Sophomore here, what are my chances? Help with clinical stuff.

Aug 11, 2016
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I'm a sophomore who just started the fall semester. So I know that nothing is going to be more indicative of my MCAT (which I have yet to take) and GPA, but any advice would be great of what I can do to help me out.

GPA: 3.6// working my ass off this semester to bring it up. Freshman year was a bit too much fun...My science GPA is lower but that's because I've only had 2 actual sciences (one B- and one A...regardless, working to bring the whole shebang up). I'm a non sci major, though might minor in chem since i have to take all the classes anyways...

MCAT: yeah who knows, hopefully 515+ but again i'll never know until i start practicing

EC:
- 800 hrs of volunteering (created my own int'l org that's somewhat popular and helps kids globally)
- currently in the process of creating 2 different projects/organizations that will again benefit people globally (one's enviro focused and the other is social awareness focused) -- have the support of two prominent organizations/fellowships to make these happen . Both of these probably won't launch until spring semester and the first organization is in the process of being revamped currently.

- some other very niche and unique EC but if I put it on here people might know who I am. PM if you want to know/ think it would be helpful to know to see where I stand.

^^^these take up my time and took up a lot of my freshman year time, but I'm starting to branch out this year and joining more things on campus. Some of the things I'm getting involved with because I'm genuinely interested:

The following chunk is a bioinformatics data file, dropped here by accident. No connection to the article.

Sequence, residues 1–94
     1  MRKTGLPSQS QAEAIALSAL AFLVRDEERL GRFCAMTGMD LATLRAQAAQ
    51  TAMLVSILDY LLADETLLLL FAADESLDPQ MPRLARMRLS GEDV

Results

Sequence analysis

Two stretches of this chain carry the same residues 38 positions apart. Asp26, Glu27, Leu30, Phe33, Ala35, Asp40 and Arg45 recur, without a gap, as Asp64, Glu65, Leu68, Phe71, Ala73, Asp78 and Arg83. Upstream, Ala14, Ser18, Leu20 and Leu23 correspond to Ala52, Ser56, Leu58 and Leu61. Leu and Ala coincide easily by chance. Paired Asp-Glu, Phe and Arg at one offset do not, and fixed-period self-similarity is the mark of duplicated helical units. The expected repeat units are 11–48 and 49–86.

- Student gov
- Health club
- finance club (health markets)
- dance team
- international associations
- some other school specific clubs I'm interested in

Clinical: help, idk where to begin with this. I have about 200 hours volunteering from HS but i know i need something more relevant to now. What should i do/where should I begin???

Awards: a couple of cool awards/recognitions (again, if i say them it'll give it away) for my work above

I have a shadowing gig confirmed with my cousins who are docs this spring break/like a week in summer. Is that enough? I'm estimating like 40-80 hours total...

Research: am doing more science based research right now (though not really research more so than just helping to write the abstract...but he said I'll get authored....)
Last year I did research in two different departments but they were not sciences. Both were qualitative research but nonetheless were awesome experiences.

So yeah, what should I do to help my chances/ make me seem more appealing? Sorry if this is a complete waste of a post since I'm only a sophomore and don't have a MCAT score.
 
OP
P
Aug 11, 2016
33
4
also forgot to mention, but the goal is this summer to do my own research project abroad. It's more qualitative/cross-sectional working in a specific niche area of medicine/healthcare transformations in other countries than it is bench research.

For some reason, bench research just bores me...idk if I should be worried since I do want to become a practicing physician down the line?
 

Weirdy

2+ Year Member
Mar 2, 2016
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You're freaking out too much and too early. You're barely out of undergrad.

Keep GPA up.